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Frilled dragons (Chlamydosaurus kingii) are medium-size lizards from Australia and New Guinea. Named for the iconic neck frill with which they intimidate predators and rivals, frilled dragons are hardy lizards who thrive in captivity with the proper care. While not a good choice for a first pet lizard, they do not present any unusual maintenance challenges. If you provide an appropriate enclosure, furnish it properly, monitor the temperatures and provide the food and water correctly, success is just about guaranteed.
Frilled dragons require spacious cages to allow for natural behaviors. While adult males should not be kept together, as they may fight and injure each other, you can housejuveniles, pairs or multiple females together if you provide enough space. A pair or two of hatchlings can live in a 10- or 20-gallon enclosure, but they grow quickly and will soon need a larger habitat. Most frilled dragons reach adult size in 12 to 24 months. Custom-built or commercially produced cages are preferable to aquariums. A suitable cage should have at least 8 to 12 square feet of space per pair of lizards, equivalent to an aquarium of 120 gallons or more. Frilled dragons are avid climbers, so offer as much height as you reasonably can; at the least, the cage should be 24 inches tall. A screened lid will be necessary for aquariums, which must often be custom-built for large sizes.
In the wild, frilled dragons inhabit warm, seasonally dry forests, where they will move between patches of sun and shade to thermoregulate. You'll replicate this at home by providing a heat lamp at one end of the cage to create a thermal gradient between that end and the other. You'll use ordinary incandescent bulbs for the heat lamp, different from those you use for lighting. Use a thermometer to measure the temperatures of the cage. The hottest spot should be between 95 and 100 degrees Fahrenheit, and the cool end of the cage should be in the mid-70s. Begin with 100-watt bulbs, and adjust the wattage as necessary to achieve the proper temperatures. In exceptionally cool homes or buildings, you may need multiple heat lamps to achieve the desired temperature range.
Diurnal lizards, like frilled dragons, require full-spectrum lighting, including the UVB portion of the spectrum, to metabolize their calcium properly. Additionally, exposure to UVA will encourage natural behaviors and help to prevent depression and anorexia. A variety of full-spectrum bulbs exist in the marketplace; look for models with 5 percent UVB levels. Your lizards need to get within 12 inches of the bulbs, so place them next to the heat lamps. These bulbs don't produce UVB indefinitely, so change them every six months to ensure a high level of UVB emission.
Ensure that your lizards have a steady day-night cycle. Purchase and use a simple timer for all of the lights in the cage, and set them to be on for approximately 12 hours per day. While breeding adults may require manipulation of the day length, a standard 12-hour cycle suits juveniles and adults who aren't being used for breeding trials. Cage temperatures should not fall below 65 degrees at night; heat pads under the basking spot, or red or blue lamps can serve for night warmth. Large rocks under the heat lamp absorb and radiate heat after the lamp is off, which may alleviate the need for supplemental heat.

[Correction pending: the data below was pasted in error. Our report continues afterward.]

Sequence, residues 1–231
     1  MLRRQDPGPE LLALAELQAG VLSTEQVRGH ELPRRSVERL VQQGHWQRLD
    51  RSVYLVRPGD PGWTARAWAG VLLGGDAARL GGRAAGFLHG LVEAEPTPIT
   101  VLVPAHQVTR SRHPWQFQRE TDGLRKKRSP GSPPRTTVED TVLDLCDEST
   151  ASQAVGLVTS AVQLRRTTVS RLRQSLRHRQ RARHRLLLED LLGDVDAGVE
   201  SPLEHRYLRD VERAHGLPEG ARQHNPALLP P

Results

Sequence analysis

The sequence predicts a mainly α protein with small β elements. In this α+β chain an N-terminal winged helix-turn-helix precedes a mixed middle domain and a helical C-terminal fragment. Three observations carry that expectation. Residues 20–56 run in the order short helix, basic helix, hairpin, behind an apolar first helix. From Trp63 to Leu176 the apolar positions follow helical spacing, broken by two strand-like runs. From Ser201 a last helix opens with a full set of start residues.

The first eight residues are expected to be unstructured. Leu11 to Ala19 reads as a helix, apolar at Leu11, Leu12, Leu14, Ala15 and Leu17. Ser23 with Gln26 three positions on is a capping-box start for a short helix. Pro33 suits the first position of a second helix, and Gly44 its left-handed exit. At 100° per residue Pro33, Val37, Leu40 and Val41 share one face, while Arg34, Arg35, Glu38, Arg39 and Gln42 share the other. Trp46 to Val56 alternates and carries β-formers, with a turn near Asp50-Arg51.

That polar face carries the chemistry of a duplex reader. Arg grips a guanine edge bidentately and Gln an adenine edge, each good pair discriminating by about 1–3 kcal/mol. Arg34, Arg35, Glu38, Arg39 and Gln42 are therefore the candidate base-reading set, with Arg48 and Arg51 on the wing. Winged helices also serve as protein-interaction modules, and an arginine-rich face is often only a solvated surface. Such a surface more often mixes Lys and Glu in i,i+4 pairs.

Frilled dragons spend much of their time in the wild alternately clinging to vertical tree trunks and chasing insects on the ground. Strive to re-create this habitat by incorporating large, flat, wooden surfaces for the frilled dragons to cling to. Place several climbing structures under the heat lamp, creating several basking spots of slightly different temperatures, and place a few at the cool end of the enclosure. Corkbark, natural tree bark or branches can provide these perches.
Frilled dragons are primarily insectivores, though some occasionally accept plant material. Frilled dragons should eat crickets, mealworms, silkworms and roaches throughout their lives. Incorporate as much variety as possible; some keepers elect to provide adults with occasional newborn mice, though this is not necessary. Frilled dragons should get about three dozen crickets daily, though occasional days without food are not a problem. Be sure to feed crickets that are no larger than the space between the lizard's eyes; you'll prevent impaction and other health problems.
Frilled dragons need regular access to clean, fresh water, though they may rarely drink from it. Change the water daily, as the lizards may defecate in it or run through it, dragging dirt and bacteria into the water. Mist the dragons daily with lukewarm water, unless you are trying to cycle them for breeding purposes. During this time, many dragons will lap at the water droplets or be stimulated to drink from cage surfaces. Allow the habitat to dry out after misting. Avoid perpetually damp conditions.
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